“I have worked on a number of research projects over the years, but the work we did on the Parasocial Contact Hypothesis is the most important work I have ever done. Winning this award is terrific acknowledgement of the value of the years we spent on that research.”
— Edward Schiappa, John E. Burchard Professor of the Humanities, and Head, Comparative Media Studies/Writing
Edward Schiappa, the John E. Burchard Professor of Humanities, and Head, MIT Comparative Media Studies/Writing has received one of his field's highest honors — the Charles H. Woolbert Research Award, given by the National Communication Association “to a journal article or book chapter that has stood the test of time and has become a stimulus for new conceptualizations of communication phenomena.”
Schiappa and his co-authors, Peter B. Gregg and Dean E. Hewes, won the award for their 2005 essay, “The Parasocial Contact Hypothesis,” which puts forth a theory of media influence that has been used by scholars all over the world since its publication in 2005. The parasocial contact hypothesis proposes that the benefits of interpersonal contact for changing attitudes toward minority groups can happen through media, and not only face-to-face.
Three experiments showed that media could decrease prejudice
In three experiments that they set up, Schiappa and his coauthors show that prejudice against gay men declined as members of a majority group viewed television series that featured gay men — namely "Queer Eye for the Straight Guy" and "Six Feet Under," or viewed a television special of stand-up comedian and transvestite Eddie Izzard.
In the first two experiments, subjects viewed episodes of "Queer Eye for the Straight Guy" and "Six Feet Under." They then took post-viewing questionnaires to measure any change in attitude over the course of viewing the series, and the researchers matched those answers against certain predictions, such as that viewing gay characters reduces anti-gay prejudice but that, amongst viewers with lower prior bias, the effect would be much smaller. In the third experiment, they tested whether the theory was generalizable: could what worked to cause people to be more accepting of gay men also work for other marginalized groups. The answer was yes.
The authors' conclusion proved to be far-reaching. Scholars had long accepted that media could persuade people to change their beliefs about the world and reinforce prejudices toward minority groups; this was the first time, however, that researchers shows that media also could educate people about minority groups and decrease prejudice toward minorities.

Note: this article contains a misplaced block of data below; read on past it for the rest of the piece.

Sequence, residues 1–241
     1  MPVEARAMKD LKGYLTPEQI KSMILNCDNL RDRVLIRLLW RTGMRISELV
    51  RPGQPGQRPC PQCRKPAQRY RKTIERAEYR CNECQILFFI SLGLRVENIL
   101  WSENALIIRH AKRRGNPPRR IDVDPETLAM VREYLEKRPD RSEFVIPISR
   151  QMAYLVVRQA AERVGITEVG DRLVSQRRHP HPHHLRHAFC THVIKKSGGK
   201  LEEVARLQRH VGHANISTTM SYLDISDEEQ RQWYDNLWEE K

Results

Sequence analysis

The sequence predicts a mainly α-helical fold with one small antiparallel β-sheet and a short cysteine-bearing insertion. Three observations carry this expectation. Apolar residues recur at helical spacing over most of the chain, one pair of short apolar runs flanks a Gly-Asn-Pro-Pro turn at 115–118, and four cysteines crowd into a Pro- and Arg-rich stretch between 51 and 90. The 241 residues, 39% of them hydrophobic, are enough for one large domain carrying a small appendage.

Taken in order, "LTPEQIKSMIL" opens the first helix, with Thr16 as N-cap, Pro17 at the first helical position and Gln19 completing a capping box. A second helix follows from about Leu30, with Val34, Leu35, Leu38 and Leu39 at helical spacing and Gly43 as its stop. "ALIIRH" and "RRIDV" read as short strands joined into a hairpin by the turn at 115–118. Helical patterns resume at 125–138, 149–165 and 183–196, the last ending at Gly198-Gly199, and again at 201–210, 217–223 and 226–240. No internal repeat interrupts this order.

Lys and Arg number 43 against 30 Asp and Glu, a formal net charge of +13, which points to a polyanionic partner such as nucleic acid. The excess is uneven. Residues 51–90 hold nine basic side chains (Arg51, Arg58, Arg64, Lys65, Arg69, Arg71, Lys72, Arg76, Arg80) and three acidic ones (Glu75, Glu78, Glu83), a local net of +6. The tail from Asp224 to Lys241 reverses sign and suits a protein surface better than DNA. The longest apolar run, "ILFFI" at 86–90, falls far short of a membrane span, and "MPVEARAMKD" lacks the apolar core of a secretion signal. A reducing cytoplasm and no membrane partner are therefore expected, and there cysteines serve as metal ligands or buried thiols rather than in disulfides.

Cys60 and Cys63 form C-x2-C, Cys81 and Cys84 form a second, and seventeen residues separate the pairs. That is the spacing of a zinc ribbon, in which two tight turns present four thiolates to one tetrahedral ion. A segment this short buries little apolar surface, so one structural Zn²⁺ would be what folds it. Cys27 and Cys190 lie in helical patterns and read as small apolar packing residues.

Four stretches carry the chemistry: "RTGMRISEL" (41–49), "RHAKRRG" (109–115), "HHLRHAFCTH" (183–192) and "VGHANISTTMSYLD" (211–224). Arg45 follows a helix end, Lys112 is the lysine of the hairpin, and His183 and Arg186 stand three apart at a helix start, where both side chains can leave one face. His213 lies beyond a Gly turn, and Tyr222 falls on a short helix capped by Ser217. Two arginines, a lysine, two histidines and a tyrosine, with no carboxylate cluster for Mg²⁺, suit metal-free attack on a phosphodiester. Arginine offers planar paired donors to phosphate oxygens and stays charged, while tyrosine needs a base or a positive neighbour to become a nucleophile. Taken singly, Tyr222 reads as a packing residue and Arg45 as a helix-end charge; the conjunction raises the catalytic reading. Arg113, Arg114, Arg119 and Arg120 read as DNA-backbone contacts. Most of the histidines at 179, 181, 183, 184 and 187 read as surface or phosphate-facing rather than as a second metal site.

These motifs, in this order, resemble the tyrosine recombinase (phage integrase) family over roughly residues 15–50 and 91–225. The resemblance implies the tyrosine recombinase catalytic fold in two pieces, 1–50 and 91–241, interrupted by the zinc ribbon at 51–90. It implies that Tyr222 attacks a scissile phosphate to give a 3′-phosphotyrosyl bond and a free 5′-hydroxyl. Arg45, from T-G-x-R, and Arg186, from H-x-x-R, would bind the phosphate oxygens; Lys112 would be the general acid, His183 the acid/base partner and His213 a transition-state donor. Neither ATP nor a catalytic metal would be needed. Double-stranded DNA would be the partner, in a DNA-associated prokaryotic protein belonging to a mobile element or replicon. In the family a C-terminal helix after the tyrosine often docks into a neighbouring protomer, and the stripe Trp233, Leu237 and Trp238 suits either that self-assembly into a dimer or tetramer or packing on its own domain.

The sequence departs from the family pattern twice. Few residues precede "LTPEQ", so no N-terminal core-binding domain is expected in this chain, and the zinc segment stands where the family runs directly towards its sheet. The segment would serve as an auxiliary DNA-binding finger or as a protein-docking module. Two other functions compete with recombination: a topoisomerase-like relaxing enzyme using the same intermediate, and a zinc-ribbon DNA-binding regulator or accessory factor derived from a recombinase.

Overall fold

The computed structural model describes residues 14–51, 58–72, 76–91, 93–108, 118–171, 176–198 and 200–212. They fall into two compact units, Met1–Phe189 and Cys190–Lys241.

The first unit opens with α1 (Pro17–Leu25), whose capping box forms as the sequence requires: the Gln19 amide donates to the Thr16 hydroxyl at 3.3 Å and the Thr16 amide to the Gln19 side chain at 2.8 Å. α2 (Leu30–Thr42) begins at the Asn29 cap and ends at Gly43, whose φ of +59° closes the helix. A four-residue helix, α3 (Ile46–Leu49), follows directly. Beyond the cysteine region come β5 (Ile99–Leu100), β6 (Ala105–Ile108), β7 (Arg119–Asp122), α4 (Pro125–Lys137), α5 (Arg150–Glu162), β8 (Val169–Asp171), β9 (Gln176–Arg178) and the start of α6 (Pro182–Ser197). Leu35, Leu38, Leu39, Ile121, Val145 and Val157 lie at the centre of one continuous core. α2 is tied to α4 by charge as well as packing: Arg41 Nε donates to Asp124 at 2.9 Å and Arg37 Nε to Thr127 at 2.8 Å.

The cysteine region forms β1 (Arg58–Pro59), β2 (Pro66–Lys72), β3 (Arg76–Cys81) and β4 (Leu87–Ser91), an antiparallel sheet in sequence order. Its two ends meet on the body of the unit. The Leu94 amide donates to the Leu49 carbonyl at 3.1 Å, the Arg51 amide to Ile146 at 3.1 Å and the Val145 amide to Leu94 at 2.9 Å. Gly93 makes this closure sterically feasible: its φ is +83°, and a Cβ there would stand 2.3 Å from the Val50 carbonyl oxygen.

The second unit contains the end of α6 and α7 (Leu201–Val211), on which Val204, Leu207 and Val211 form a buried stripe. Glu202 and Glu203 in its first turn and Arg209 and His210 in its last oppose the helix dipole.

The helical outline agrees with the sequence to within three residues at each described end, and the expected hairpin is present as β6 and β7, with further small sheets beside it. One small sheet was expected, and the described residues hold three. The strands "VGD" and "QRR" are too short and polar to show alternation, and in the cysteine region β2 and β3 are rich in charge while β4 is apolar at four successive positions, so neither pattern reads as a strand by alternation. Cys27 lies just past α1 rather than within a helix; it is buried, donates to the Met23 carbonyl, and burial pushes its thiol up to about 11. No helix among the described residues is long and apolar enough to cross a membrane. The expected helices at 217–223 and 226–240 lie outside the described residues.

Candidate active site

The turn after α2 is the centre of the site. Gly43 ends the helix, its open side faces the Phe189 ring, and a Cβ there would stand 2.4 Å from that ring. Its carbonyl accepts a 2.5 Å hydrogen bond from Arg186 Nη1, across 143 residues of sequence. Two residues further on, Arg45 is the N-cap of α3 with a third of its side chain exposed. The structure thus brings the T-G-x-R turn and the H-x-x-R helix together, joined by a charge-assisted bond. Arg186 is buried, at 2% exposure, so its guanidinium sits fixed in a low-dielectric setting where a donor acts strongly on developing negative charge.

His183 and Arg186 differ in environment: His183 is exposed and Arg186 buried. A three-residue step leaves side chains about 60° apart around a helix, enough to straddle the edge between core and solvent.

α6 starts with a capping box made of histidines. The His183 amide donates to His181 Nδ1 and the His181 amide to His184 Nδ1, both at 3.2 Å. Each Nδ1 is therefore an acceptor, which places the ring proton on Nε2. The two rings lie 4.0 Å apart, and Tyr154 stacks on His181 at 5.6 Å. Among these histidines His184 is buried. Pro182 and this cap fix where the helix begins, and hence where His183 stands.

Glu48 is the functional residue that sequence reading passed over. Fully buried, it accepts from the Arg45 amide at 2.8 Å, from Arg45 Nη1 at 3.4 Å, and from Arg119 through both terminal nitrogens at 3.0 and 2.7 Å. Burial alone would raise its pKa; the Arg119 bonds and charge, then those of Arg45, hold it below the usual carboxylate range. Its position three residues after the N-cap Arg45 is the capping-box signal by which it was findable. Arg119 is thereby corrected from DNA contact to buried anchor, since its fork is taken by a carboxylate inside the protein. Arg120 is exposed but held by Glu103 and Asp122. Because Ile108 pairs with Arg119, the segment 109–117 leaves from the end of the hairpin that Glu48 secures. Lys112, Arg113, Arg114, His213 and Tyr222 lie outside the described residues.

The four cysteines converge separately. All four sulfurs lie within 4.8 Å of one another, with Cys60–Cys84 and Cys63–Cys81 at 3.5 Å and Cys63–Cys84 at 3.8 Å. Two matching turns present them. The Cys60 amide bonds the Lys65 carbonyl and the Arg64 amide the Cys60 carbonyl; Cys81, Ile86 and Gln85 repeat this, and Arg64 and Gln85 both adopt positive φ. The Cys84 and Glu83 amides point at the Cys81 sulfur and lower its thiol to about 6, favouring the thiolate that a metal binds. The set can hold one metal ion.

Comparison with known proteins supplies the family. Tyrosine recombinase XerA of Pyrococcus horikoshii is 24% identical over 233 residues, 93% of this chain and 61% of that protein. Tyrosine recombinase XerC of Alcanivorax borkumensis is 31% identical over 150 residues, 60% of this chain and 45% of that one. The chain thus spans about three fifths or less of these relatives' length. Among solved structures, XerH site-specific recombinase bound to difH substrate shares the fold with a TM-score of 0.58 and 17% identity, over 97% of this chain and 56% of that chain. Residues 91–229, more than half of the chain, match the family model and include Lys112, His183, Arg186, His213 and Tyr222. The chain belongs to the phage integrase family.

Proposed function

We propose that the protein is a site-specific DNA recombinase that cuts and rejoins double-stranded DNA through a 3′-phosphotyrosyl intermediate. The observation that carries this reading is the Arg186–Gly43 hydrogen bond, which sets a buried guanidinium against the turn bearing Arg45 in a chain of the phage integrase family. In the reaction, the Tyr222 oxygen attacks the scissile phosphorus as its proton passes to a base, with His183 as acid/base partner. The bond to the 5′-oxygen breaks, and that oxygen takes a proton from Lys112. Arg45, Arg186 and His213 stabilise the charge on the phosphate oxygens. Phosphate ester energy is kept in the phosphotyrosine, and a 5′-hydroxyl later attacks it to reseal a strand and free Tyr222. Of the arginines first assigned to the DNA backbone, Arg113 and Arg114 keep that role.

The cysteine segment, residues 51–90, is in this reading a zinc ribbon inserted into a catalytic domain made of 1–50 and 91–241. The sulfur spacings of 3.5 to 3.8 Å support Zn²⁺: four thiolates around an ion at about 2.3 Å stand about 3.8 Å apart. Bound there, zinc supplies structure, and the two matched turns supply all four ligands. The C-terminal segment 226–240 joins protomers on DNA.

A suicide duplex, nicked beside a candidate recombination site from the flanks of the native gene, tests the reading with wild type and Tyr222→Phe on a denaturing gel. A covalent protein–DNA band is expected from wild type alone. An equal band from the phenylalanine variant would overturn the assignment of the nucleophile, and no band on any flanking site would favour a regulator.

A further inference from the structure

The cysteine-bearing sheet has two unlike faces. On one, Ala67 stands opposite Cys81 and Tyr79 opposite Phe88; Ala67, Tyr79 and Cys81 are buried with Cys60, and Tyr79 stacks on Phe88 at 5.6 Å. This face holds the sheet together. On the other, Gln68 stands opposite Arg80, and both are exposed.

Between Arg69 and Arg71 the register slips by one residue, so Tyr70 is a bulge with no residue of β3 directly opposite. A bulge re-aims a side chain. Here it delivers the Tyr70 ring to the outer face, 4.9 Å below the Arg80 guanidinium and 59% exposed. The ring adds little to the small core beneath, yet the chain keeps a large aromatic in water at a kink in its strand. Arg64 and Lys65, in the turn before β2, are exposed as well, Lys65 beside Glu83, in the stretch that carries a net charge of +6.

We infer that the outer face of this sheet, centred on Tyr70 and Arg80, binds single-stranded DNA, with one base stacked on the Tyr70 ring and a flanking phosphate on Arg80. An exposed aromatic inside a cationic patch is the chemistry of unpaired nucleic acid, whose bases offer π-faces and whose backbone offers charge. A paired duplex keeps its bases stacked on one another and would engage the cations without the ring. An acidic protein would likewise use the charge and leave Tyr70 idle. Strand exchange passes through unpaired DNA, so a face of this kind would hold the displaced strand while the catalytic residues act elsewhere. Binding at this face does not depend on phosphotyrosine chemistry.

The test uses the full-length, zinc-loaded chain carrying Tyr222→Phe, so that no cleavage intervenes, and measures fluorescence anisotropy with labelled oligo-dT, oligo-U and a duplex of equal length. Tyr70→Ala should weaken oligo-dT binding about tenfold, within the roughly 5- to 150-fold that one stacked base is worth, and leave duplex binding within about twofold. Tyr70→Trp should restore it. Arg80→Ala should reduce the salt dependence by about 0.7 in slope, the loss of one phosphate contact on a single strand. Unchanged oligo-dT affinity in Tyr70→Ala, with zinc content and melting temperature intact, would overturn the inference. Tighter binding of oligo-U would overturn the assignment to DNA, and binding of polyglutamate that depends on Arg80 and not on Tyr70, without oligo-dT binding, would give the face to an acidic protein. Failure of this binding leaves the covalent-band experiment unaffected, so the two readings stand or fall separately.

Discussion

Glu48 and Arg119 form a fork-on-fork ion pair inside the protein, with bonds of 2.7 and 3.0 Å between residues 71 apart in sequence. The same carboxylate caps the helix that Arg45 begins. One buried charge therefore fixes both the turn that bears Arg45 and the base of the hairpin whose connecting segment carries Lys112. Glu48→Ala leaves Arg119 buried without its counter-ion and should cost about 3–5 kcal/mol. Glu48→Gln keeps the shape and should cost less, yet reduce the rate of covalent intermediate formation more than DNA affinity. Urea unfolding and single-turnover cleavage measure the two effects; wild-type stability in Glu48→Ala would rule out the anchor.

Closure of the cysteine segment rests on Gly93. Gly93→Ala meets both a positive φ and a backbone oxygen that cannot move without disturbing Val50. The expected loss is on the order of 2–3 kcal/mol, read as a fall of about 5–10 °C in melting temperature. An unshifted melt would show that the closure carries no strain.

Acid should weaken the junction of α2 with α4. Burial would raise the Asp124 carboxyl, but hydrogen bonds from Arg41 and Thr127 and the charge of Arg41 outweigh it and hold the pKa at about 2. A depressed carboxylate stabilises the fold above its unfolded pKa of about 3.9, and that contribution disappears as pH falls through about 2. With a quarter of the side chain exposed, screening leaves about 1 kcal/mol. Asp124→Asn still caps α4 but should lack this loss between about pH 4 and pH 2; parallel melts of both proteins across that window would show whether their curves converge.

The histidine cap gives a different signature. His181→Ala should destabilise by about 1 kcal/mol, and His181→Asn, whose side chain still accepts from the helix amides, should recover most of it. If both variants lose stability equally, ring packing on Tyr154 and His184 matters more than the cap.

Impact on the social sciences
In their praise of the authors’ work, the Woolbert Award’s judges highlight the transformative effect the paper has had on the social sciences. For forty years after the conception of the original contact hypothesis, researchers had assumed social attitude persuasion happened primarily at the personal level.
“What in the late 1990s was a literature primarily concerned with face-to-face interaction,” write the judges, “has become significantly richer as a result of considering media, new media, ‘imagined’ contact, and other unconventional forms of contact.”
The paper has gone on to influence fields as varied as sociology, medicine, linguistics, and even tourism studies. Other scholars have noted the importance of Schiappa et al.’s integrative scholarship. Family communication scholar Alan Sillars notes that the authors necessarily had to bridge divides themselves, namely the disciplinary ones between rhetorical studies, media studies, and interpersonal communication.
“The research transcends narrow sub-disciplinary specializations and speak to broad academic and public audiences. We need more of this type of creative cross-fertilization to show how different contexts and approaches to the study of communication relate.” Another scholar wrote that the essay “deserves recognition for being one of the very few papers published in a communication journal that social psychologists can bring themselves to cite.”
The "Will and Grace" Effect
To Sillars’ point, the research has indeed reached public audiences. Newsweek discussed it in an article about “The ‘Will & Grace’ Effect,” another example of a television show that decreased prejudice through parasocial contact, and Schiappa was featured in pieces from The New York Times and National Public Radio on the lack of controversy when gay characters on “Modern Family” adopted a child, compared to the fiery reaction to a 1997 episode of “Ellen” in which the main character comes out.
Yet the hypothesis has had it largest impact in more recent years, in keeping with the Woolbert Award’s emphasis, even finding a place in the lobbying efforts of the Gay & Lesbian Alliance Against Defamation and the Center for Global Engagement’s Entertainment Initiative.
Schiappa is also the recipient of a number of other research awards, including NCA’s highest research award, the Distinguished Scholar Award.
"The parasocial contact hypothesis." Communication Monographs 72 (2005): 95-118.
PDF of the award-winning essay
Story prepared by MIT SHASS Communications and CMS/W Communications
Editorial and Design Director: Emily Hiestand
Writers: Andrew Whitacre, Emily Hiestand
Photograph: Jonathan Sachs, MIT SHASS Communications